Children of all ages can be vulnerable to radicalisation.
Teenage years are often a time when young people search for answers to questions about identity, faith and belonging, and look for adventure and excitement. This can mean that they are particularly vulnerable to extremist groups, who may claim to offer answers as well as identity and a strong social network.
Schools already help safeguard pupils from drug abuse, gangs and sexual exploitation. Just like these threats, radicalisation can have a devastating effect on individuals, families and communities. Protecting pupils from the influence of extremist ideas is therefore an important part of a school’s safeguarding role.
Many extremist groups now make sophisticated use of the internet and social media to target young people and spread their ideology at an unprecedented pace and scale. This has made young people more vulnerable to being influenced by extremist ideas. A number of young British people have been influenced by extremist groups and travelled to Syria or become involved with far-right groups. Women and families are also increasingly being targeted by Daesh recruiters.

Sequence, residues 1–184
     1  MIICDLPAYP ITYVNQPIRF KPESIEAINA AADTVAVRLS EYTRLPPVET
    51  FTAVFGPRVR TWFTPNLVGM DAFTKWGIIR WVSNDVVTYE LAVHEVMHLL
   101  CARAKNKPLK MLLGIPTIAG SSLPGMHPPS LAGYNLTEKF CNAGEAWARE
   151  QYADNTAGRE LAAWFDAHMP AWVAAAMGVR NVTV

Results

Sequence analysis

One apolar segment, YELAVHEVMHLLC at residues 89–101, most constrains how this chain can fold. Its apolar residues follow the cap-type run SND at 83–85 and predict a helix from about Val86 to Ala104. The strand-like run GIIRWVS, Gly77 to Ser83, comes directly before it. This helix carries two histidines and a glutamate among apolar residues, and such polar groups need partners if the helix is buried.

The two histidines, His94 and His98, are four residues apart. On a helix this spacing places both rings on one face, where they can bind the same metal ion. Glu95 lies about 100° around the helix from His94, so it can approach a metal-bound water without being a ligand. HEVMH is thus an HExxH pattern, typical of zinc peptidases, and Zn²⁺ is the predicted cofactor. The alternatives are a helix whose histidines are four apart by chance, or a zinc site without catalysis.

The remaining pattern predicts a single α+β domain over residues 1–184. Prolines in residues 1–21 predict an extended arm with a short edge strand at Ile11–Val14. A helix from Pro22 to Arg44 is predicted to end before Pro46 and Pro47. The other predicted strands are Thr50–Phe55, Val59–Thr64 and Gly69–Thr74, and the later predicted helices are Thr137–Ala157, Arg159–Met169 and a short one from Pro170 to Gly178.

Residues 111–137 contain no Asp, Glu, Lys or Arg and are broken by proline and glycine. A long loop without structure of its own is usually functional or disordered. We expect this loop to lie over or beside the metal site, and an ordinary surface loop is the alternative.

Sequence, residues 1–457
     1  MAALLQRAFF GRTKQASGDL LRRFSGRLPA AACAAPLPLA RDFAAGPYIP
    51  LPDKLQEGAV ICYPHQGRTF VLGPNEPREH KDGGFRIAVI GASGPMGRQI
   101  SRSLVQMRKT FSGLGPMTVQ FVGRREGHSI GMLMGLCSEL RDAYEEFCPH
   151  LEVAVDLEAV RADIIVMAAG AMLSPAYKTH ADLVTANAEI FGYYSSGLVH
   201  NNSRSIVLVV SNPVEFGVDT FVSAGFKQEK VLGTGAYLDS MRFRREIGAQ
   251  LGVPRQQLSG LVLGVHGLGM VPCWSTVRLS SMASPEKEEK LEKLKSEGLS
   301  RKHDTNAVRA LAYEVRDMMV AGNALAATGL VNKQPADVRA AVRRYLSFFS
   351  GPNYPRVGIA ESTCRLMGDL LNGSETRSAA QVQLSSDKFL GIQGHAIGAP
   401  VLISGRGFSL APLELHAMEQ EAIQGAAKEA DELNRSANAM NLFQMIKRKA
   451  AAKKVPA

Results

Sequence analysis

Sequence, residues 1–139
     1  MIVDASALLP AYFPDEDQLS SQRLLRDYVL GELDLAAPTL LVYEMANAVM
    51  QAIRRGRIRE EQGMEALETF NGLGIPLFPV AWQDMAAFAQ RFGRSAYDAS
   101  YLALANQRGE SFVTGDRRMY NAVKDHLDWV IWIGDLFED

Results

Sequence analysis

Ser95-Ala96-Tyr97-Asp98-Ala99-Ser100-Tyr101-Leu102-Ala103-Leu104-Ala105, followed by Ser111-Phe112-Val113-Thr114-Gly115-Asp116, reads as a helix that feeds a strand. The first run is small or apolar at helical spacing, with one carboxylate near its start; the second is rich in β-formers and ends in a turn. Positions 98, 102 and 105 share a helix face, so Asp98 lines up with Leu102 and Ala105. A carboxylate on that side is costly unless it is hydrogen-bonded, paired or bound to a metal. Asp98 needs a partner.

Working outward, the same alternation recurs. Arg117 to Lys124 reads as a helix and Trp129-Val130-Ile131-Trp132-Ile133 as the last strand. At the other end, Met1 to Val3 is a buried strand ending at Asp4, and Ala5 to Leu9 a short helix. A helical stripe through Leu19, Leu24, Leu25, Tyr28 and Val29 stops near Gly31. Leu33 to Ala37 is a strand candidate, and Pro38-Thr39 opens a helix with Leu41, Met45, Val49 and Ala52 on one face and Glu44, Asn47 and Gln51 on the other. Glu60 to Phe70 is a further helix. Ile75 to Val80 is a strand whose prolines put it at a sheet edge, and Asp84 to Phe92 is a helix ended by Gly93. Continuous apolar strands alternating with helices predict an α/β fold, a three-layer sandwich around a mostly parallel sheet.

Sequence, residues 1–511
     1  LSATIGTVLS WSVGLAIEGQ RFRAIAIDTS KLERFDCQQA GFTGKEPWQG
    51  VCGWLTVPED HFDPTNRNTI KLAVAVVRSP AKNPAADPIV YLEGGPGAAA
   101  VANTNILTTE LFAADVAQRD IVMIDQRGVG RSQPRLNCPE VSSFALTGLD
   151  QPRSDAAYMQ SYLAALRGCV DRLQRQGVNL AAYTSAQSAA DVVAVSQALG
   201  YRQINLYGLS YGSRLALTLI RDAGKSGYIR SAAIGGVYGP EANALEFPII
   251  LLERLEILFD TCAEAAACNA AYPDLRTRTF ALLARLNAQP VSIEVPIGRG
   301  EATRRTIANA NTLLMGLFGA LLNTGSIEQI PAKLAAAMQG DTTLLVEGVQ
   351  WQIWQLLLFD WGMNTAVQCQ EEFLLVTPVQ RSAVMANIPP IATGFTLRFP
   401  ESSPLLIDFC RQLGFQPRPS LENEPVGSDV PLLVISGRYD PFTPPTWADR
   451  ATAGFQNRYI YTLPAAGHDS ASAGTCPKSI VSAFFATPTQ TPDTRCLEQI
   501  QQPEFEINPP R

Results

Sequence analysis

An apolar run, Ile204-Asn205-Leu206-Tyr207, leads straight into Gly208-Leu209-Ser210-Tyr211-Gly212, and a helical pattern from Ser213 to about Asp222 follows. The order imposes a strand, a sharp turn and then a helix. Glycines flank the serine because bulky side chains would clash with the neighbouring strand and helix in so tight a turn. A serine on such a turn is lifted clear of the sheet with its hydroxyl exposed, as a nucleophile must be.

As a school leader, it’s important to understand your responsibilities and how you can make sure your school fulfils them. You play a crucial role in making sure your school protects students from radicalisation. By helping your school to foster a strong ethos and values-based education, you can help make sure your students build the resilience and critical-thinking skills to challenge extremism and be prepared for life in modern Britain.